Citing recent anecdotes about violent crime and immigrants, Trump, who claimed to have coined the phrase “migrant crime,” warned of “armies Joe Biden has smuggled across our border” leading to an overwhelming wave of violent crime, particularly in America’s large cities.

Actual data show violent crime down year-over-year in Philadelphia, Chicago, Denver, New York and Los Angeles. In Texas, where Trump painted a nightmare scenario of violent crime abetted by open borders, law enforcement data shows crime is down overall in the cities receiving the most migrants. What’s more, years of data show undocumented immigrants have a lower homicide conviction rate than native born Americans. The rates for legal immigrants are lower still.

In February, Trump pressed Republicans in Congress to reject a bipartisan effort to strengthen border security and provide additional aid to Ukraine. The former president wanted to campaign on the issue and not give Biden a perceived victory.

According to FBI data, violent crime rates have fallen by 4 percent and murder rates by roughly 7 percent since Biden took office in 2020. That’s down from enormous spikes in violent crime that began under Trump, with murder rising by almost 30 percent and assault by more than 10 percent in the last, COVID-19 dominated year of his presidency. Though those rates haven’t yet returned to pre-pandemic levels, the trend over the course of Biden’s time in office has been down.

Nikki Haley addresses supporters
Former South Carolina Governor and UN Ambassador Nikki Haley addresses supporters at Raleigh’s Union Station on March 2, 2024. Photo: Rob Schofield for NC Newsline

Haley calls for return to “normal”

Meanwhile, 85 miles east at Raleigh’s Union Station train depot, Trump’s last challenger for the Republican nomination, former South Carolina Governor, and Trump U.N. Ambassador Nikki Haley, spoke to a polite and enthusiastic audience of perhaps 1,500.

In her half-hour speech, Haley, 52, sounded a call for Republicans to return to their pre-Trump identity as the party of fiscal conservatism and sought to portray herself as the only viable alternative to Trump and President Joe Biden – both of whom she described as incapable and too old for the presidency. At one point, she called for mandatory mental competency tests for all elected officials aged 75 and older (Biden is 81, Trump is 77) and, continuing with a theme that she represents a new generation of leaders, called Congress “the most privileged nursing home in the country.”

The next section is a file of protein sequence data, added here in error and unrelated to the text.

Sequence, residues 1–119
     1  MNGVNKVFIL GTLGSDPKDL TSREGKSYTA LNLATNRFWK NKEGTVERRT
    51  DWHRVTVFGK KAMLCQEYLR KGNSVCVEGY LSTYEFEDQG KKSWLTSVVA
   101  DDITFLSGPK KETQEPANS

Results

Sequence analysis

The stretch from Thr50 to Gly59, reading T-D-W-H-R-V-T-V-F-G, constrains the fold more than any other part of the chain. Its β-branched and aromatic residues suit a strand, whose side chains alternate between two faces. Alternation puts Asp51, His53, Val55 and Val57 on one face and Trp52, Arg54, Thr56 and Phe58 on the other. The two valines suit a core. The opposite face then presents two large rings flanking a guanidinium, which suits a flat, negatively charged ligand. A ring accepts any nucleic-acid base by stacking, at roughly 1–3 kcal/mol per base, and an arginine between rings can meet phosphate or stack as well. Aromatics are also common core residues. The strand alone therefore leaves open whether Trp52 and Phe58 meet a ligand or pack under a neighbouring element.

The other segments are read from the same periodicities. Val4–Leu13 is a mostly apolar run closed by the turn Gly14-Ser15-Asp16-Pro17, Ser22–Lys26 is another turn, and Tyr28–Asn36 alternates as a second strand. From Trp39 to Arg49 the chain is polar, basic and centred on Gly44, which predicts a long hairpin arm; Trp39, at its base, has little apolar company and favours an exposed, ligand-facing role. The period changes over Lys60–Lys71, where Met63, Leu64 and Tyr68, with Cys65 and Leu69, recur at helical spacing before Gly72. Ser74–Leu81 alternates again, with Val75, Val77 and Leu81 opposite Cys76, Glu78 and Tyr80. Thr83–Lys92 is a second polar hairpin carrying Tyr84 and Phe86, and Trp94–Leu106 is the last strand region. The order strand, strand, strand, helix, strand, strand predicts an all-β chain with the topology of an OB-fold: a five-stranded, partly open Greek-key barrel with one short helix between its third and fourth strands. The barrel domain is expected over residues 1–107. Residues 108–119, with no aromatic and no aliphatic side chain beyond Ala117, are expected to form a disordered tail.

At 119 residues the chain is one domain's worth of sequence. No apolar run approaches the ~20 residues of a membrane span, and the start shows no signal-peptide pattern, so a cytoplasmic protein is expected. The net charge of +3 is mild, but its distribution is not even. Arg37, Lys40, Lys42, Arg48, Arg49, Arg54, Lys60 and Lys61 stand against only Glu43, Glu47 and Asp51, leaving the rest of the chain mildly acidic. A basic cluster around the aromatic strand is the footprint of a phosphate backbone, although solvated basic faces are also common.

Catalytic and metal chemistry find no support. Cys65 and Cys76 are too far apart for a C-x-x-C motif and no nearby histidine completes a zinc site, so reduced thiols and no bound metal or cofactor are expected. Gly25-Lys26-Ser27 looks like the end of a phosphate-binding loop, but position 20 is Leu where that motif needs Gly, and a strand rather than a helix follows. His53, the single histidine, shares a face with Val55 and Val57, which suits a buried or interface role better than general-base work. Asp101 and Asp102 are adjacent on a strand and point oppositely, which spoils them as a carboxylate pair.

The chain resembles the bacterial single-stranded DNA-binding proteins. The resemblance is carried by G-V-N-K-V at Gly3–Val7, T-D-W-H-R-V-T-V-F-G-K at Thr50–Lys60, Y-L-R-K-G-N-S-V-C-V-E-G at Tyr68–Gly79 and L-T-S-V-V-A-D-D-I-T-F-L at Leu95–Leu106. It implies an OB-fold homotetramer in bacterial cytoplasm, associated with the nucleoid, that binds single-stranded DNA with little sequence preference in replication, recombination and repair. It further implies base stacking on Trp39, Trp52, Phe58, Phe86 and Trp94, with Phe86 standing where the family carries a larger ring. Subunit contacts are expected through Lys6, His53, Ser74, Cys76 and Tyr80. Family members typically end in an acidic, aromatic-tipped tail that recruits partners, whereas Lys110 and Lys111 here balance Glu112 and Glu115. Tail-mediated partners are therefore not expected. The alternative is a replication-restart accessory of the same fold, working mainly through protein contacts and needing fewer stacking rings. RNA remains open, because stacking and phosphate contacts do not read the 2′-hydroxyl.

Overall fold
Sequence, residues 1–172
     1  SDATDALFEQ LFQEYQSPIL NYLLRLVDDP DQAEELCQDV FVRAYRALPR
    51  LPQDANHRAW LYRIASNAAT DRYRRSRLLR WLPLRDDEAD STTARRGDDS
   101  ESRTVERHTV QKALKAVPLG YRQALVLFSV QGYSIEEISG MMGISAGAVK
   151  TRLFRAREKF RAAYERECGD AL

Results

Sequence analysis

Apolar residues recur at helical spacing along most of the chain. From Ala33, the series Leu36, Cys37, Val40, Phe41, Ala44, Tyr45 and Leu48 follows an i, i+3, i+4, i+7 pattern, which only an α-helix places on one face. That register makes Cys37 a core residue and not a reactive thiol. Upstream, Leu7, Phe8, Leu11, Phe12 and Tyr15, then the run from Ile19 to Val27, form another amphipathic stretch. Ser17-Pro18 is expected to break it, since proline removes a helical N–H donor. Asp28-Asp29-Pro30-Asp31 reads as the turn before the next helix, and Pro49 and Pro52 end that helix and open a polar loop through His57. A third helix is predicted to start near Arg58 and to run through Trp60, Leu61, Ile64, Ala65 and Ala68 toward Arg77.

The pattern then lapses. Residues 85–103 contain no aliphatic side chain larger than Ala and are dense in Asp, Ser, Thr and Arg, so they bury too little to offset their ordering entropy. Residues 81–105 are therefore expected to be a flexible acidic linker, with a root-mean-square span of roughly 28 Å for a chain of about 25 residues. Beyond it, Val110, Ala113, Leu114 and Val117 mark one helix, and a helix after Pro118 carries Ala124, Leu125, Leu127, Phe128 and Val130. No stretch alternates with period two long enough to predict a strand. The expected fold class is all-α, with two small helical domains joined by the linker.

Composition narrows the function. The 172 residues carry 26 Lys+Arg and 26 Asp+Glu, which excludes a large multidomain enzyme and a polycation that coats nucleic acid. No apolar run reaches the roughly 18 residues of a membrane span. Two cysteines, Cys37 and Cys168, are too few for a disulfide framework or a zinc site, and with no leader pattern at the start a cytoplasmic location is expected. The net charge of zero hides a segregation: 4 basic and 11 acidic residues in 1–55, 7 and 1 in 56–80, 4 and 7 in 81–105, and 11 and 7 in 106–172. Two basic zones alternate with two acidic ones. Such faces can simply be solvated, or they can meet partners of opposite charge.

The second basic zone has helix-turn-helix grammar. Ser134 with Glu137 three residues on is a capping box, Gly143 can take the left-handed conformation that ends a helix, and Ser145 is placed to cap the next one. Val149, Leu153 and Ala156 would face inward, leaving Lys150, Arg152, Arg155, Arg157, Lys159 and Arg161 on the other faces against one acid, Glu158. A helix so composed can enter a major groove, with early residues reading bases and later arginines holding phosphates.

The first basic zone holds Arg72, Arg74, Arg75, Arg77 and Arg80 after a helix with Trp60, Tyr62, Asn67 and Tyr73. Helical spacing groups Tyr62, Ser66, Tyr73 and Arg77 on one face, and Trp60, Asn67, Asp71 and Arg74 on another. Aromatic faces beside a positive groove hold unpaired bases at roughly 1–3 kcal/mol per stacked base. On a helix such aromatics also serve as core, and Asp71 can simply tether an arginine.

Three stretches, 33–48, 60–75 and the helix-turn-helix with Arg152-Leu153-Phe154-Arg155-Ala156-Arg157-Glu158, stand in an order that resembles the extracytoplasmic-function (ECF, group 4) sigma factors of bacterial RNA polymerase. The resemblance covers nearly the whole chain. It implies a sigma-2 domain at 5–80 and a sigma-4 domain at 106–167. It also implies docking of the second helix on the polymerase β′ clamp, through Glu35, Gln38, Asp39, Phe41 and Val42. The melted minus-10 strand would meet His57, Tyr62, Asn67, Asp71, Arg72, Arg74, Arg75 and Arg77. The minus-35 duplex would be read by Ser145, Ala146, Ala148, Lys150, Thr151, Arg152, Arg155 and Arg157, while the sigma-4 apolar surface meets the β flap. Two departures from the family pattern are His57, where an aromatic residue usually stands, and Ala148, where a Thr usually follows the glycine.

Interestingly, while Haley derided both Trump and Biden for their respective performances in office, she reserved her sharpest words for her former boss. She described his criticism of her after the New Hampshire primary as “unhinged,” and decried his embrace of Russian dictator Vladimir Putin – whom she described as a “thug,” a “tyrant” and a “madman” – as a grave threat to the security of the U.S. and its European allies. Similarly, while she blasted Biden and Democrats for leading the nation toward “socialism,” she ascribed equal blame for the nation’s budget shortfalls, massive debt and immigration policy stalemate to Republicans and Democrats.

Hoping to draw a distinction between Trump and President Joe Biden, Haley voiced her support for NATO, Ukraine, and greater security at the southern border.

“This is about preventing war,” Haley said. “They need to have the equipment and ammunition to win so that we don’t have to go to war. This is the part they don’t want you to know. Securing the border is priority number one, period. But if we just helped Ukraine and Israel, that’s only five percent of our defense budget. If we helped Ukraine, Israel and secured the border that’s less than 20% of Biden’s green subsidies. So don’t let them lie to you and say that you have to choose.”

Haley received her most enthusiastic applause from what was an overwhelmingly white and seeming affluent audience – a group that despite being bereft of any prominent GOP politicians, seemed to balk at times in cheering for her condemnations of Trump and congressional Republicans — when she talked about the trials of COVID and the growing political divisions that have gripped the nation, and spoke wistfully of growing up in the 1970’s. Saying she wanted to make it possible – especially for young people — to experience “normal” again, she recited a host of what would have been standard Republican talking points (like cutting taxes, shrinking government, and reducing illegal immigration) in the era of the Bushes, John McCain and Mitt Romney.

Largely absent from her remarks – save for a fleeting dig at the idea of schoolchildren being free to adopt the pronouns of their choice – were the culture war causes that have mobilized so many on the modern far right. She made no mention of abortion, no mention of in vitro fertilization, no explicit mention of LGBTQ people, and no mention of gun rights. She also made no mention of the global climate crisis or, indeed, environmental issues at all. She did, however, call for slashing federal gasoline and diesel fuel taxes.

Of course, the unspoken elephant in the room for Haley on Saturday was her position in the contest with Trump. While she touted a pair of national polls that she said showed her defeating Biden by a wide margin (and that show Biden and Trump in a virtual dead heat), she offered no plausible explanation of how she plans to overcome Trump’s massive lead in securing the GOP nomination – other than, perhaps, a sudden Trump collapse in the face of multiple criminal and civil trials.

Haley ended her remarks by calling on everyone in the audience to vote for her in the state’s GOP primary and to urge their friends and family members to do likewise. Even if that were to happen, however, her chances of prevailing appear virtually nil. As of Saturday, the latest 538 polling average report shows her trailing Trump in North Carolina by a margin of 67% to 22%.